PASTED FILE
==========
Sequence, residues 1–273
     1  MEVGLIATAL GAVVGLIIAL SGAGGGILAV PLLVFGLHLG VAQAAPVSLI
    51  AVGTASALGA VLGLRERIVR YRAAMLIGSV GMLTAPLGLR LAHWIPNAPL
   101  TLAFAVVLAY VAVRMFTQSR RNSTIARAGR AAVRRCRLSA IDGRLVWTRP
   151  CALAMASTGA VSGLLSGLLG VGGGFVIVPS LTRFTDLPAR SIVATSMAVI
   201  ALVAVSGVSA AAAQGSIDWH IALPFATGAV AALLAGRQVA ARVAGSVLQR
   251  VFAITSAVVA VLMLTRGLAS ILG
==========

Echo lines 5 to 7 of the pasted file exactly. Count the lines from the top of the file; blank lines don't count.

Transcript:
   151  CALAMASTGA VSGLLSGLLG VGGGFVIVPS LTRFTDLPAR SIVATSMAVI
   201  ALVAVSGVSA AAAQGSIDWH IALPFATGAV AALLAGRQVA ARVAGSVLQR
   251  VFAITSAVVA VLMLTRGLAS ILG